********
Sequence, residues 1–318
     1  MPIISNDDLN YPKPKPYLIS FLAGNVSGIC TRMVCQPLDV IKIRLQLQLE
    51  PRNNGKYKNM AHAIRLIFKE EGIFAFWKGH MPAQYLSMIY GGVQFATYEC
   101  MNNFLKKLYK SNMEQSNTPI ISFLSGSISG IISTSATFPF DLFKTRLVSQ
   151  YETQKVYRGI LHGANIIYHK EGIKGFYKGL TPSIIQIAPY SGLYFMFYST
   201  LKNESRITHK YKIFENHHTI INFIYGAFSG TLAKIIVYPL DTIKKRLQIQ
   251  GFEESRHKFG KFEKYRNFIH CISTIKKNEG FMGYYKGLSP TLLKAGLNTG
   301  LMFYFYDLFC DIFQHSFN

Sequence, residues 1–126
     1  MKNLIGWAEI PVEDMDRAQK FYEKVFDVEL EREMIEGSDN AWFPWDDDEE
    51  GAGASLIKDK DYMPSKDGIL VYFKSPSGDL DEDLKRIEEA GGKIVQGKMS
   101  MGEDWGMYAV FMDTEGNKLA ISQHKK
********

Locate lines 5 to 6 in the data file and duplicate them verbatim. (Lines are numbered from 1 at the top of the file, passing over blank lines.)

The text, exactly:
   151  YETQKVYRGI LHGANIIYHK EGIKGFYKGL TPSIIQIAPY SGLYFMFYST
   201  LKNESRITHK YKIFENHHTI INFIYGAFSG TLAKIIVYPL DTIKKRLQIQ